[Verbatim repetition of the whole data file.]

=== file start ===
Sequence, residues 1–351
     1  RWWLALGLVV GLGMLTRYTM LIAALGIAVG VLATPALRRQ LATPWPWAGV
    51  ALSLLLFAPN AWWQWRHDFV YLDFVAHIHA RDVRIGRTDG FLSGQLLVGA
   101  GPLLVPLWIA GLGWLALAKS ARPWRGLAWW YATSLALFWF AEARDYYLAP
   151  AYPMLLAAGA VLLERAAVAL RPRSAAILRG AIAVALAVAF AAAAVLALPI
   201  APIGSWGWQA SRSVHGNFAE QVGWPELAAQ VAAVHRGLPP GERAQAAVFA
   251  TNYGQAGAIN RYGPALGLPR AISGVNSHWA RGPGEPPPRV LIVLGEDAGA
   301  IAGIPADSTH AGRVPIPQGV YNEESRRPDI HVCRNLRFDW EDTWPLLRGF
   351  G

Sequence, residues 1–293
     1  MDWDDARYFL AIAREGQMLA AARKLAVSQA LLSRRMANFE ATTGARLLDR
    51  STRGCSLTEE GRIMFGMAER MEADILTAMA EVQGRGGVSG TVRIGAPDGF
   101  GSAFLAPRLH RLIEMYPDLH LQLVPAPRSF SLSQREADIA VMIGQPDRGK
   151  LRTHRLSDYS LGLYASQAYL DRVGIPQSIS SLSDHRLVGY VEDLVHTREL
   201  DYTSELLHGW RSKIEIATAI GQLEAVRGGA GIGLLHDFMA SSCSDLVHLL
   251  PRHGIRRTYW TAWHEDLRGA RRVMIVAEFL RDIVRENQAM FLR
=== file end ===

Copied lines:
Sequence, residues 1–351
     1  RWWLALGLVV GLGMLTRYTM LIAALGIAVG VLATPALRRQ LATPWPWAGV
    51  ALSLLLFAPN AWWQWRHDFV YLDFVAHIHA RDVRIGRTDG FLSGQLLVGA
   101  GPLLVPLWIA GLGWLALAKS ARPWRGLAWW YATSLALFWF AEARDYYLAP
   151  AYPMLLAAGA VLLERAAVAL RPRSAAILRG AIAVALAVAF AAAAVLALPI
   201  APIGSWGWQA SRSVHGNFAE QVGWPELAAQ VAAVHRGLPP GERAQAAVFA
   251  TNYGQAGAIN RYGPALGLPR AISGVNSHWA RGPGEPPPRV LIVLGEDAGA
   301  IAGIPADSTH AGRVPIPQGV YNEESRRPDI HVCRNLRFDW EDTWPLLRGF
   351  G

Sequence, residues 1–293
     1  MDWDDARYFL AIAREGQMLA AARKLAVSQA LLSRRMANFE ATTGARLLDR
    51  STRGCSLTEE GRIMFGMAER MEADILTAMA EVQGRGGVSG TVRIGAPDGF
   101  GSAFLAPRLH RLIEMYPDLH LQLVPAPRSF SLSQREADIA VMIGQPDRGK
   151  LRTHRLSDYS LGLYASQAYL DRVGIPQSIS SLSDHRLVGY VEDLVHTREL
   201  DYTSELLHGW RSKIEIATAI GQLEAVRGGA GIGLLHDFMA SSCSDLVHLL
   251  PRHGIRRTYW TAWHEDLRGA RRVMIVAEFL RDIVRENQAM FLR